September 08. 2018 10:19PM

Election Guide to Republicans for 2nd CD: Candidates in crowded GOP field battle for attention, campaign cash

By KEVIN LANDRIGAN
New Hampshire Union Leader


From left, Robert Burns, Lynne Blankenbeker, Gerard Beloin, Stewart Levenson, Rep. Steve Negron and Brian Belanger during the Granite State Debate Series Republican debate for the 2nd Congressional District at Saint Anselm College in Goffstown on Friday. (THOMAS ROY/UNION LEADER)

Candidate biography information and key issues you find here have been provided by Citizens Count, a nonpartisan nonprofit with a mission of making citizen engagement easier.

You can find information on candidates for local races at www.CitizensCount.org or by downloading the Citizens Count NH Voter Guide, a free mobile app that lets users view profiles of every candidate, including their experience, position on the issues, and voting records. The app can be downloaded for Android or Apple devices at CitizensCount.org.


The last time the 2nd Congressional District voted Republican for President, Ronald Reagan was retiring and Vice President George H. Bush was trying to succeed him in 1988.

Over the last 30 years, the only Republican to hold this seat was Peterborough patrician Charlie Bass, a pro-abortion rights businessman and ex-state senator who conservatives first labeled as a member of the liberal "Concord Gang."

But state GOP leaders still believe three-term U.S. Rep. Annie Kuster is vulnerable.

In 2016, the impressive showing of ex-State Rep. Jim Lawrence, of Hudson, getting more than 45 percent of the vote despite a child-support controversy swirling over him, only reinforced that point of view.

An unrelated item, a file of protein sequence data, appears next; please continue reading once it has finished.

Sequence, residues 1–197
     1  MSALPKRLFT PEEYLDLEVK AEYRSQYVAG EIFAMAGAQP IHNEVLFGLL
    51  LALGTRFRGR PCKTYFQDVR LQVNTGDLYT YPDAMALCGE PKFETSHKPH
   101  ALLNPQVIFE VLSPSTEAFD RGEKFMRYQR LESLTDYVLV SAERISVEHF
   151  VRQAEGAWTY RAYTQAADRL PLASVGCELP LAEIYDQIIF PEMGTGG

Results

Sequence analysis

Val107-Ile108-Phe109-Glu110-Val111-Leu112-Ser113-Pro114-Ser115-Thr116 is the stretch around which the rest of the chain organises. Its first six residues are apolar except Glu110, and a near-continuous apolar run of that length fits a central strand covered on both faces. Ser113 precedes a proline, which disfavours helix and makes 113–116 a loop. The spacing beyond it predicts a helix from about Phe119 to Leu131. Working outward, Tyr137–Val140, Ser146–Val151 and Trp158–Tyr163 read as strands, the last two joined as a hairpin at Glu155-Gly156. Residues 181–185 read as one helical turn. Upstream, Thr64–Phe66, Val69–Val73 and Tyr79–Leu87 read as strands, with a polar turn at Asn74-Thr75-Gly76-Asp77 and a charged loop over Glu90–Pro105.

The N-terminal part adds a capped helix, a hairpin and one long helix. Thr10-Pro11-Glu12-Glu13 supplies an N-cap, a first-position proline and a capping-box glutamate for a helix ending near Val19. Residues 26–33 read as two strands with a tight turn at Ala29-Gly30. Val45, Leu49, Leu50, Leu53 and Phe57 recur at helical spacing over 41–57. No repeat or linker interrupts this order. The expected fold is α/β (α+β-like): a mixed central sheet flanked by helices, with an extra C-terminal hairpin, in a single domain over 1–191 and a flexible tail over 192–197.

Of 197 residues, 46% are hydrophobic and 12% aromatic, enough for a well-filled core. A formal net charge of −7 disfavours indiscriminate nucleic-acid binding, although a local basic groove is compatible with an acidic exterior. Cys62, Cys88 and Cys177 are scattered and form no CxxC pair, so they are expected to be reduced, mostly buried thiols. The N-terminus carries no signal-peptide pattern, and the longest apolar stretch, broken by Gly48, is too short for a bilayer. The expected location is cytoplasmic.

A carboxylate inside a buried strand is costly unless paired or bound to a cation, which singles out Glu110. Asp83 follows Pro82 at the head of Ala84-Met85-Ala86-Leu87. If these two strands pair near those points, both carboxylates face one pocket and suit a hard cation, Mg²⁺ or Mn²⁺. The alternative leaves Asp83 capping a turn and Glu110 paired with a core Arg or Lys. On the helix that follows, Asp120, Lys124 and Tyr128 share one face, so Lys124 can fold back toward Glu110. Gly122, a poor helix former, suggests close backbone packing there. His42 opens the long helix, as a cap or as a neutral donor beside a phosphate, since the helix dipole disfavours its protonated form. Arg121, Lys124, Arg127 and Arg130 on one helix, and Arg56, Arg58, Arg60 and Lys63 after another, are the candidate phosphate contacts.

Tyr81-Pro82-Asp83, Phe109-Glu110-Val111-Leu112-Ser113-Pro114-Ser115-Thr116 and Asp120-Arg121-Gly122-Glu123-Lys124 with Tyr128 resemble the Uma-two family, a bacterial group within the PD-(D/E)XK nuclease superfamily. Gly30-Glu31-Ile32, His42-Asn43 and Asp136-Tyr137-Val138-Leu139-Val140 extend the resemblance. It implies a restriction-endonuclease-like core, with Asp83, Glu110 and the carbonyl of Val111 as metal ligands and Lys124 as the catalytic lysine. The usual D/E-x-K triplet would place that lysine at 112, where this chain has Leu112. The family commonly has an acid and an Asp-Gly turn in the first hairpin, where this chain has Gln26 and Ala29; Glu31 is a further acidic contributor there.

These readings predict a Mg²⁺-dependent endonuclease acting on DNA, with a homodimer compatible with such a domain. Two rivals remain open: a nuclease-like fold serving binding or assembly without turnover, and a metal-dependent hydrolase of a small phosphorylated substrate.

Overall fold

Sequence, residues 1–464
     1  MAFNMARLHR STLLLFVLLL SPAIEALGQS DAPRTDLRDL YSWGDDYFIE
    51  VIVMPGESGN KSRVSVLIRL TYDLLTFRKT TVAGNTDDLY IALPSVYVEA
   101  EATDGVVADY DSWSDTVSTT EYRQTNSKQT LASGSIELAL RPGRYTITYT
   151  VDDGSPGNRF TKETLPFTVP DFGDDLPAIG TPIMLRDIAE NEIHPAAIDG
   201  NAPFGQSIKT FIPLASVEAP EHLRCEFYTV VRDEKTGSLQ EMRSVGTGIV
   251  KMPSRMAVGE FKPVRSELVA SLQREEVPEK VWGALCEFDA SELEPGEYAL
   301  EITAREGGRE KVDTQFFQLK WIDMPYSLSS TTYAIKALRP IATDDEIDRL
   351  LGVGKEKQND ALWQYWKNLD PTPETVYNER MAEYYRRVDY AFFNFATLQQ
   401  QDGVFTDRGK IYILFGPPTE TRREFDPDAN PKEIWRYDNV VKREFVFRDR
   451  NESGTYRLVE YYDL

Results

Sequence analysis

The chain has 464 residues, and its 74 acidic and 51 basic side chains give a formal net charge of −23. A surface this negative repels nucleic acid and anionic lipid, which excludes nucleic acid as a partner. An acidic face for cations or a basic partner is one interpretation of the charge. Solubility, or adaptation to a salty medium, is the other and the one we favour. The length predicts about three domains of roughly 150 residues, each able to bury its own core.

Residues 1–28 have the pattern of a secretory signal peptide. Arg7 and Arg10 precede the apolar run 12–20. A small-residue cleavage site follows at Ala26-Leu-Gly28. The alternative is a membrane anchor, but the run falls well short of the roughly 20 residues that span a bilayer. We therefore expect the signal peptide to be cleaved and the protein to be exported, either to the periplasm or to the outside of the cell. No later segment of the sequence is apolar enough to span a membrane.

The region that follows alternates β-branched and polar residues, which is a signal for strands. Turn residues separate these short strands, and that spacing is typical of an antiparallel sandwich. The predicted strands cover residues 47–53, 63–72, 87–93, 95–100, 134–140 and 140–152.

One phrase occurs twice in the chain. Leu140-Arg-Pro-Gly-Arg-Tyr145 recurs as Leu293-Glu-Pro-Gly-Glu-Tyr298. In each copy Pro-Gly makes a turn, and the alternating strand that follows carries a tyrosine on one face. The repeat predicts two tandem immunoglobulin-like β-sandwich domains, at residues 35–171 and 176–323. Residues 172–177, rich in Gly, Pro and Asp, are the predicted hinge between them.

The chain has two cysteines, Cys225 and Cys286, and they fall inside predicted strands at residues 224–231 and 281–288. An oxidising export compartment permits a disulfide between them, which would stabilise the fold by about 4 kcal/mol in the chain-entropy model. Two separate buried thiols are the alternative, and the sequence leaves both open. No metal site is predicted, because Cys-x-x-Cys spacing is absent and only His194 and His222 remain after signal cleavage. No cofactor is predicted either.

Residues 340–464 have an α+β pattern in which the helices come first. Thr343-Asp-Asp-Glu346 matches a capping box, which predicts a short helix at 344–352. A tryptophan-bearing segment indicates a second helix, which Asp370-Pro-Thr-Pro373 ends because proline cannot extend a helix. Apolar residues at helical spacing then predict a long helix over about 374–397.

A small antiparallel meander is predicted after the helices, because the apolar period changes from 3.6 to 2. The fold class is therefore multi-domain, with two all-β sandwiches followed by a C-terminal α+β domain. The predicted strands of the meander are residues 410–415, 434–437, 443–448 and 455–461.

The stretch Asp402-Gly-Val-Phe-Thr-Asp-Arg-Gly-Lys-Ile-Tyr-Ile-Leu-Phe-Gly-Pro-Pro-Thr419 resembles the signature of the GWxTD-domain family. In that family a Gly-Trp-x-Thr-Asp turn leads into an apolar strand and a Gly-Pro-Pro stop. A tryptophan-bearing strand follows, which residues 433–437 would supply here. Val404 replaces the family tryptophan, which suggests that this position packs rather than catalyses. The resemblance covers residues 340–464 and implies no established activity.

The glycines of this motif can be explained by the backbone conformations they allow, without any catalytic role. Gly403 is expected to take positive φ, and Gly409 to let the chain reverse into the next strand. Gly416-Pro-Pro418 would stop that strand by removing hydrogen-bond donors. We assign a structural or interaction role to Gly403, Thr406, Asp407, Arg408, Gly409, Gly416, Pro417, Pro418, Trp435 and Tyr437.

That's why the 2018 campaign has brought out an eclectic band of seven Republicans running to take Kuster down, with no clear front-runner or heir apparent among them.

One thing is sure: If one wins, they won't be a Bass clone, as all seven oppose abortion rights and toe the Trump talking points on the full range of other issues, from immigration, guns, trade, tax cuts and national security.

The best known three candidates all have close relationships with veterans and have made it a central theme of their candidacy.

Ex-State Rep. Lynne Blankenbeker, of Concord, was a Navy nurse for nearly 30 years who worked in combat zones, including in the Kandahar province of Afghanistan, where hospitals endured regular shelling.

State Rep. Steve Negron of Nashua is a career Air Force veteran who, after his retirement in 1988, went to work for several defense contracting agencies and ultimately set up his own defense supplier firm, Integron LLC.

Stewart Levenson of Hopkinton was medical director of the Manchester VA Medical Center and one of the central whistleblowers who went to Congress and the media with reports of "third-world" conditions.

Robert Burns of Manchester doesn't live in the district but said he spent most of his life there. As the head of his own pharmaceutical price consulting business, Burns won election as Hillsborough County treasurer over Chris Pappas, a Manchester Democrat now running in the 1st Congressional District.

Burns said protecting the rights of gun owners is a priority and said he stands out in the field as the earliest supporter of Donald Trump who, as he put it, turn out "the deplorables" that helped Trump nearly beat Hillary Clinton in New Hampshire on his way to the White House.

Brian Belanger launched his own excavation and septic service but was unable to work for the past three years after a car accident left him with permanent disabilities.

Problems with the federal Social Security system spurred him to run for Congress to help working people, Belanger said.

The seventh GOP candidate is Jay Mercer, a former director of health services at Rivier University who was trained as an advanced EMT. 

Candidates have struggled to break from this pack given their agreement on most issues and raising enough money to get their name out.

Negron and Levenson have both loaned their campaigns more than a quarter million dollars each to afford paid staffs and television advertising.

Meanwhile, Kuster is financially one of the most well-heeled Democratic incumbents in the country with more than $2.7 million in the bank as of the end of August.

klandrigan@unionleader.com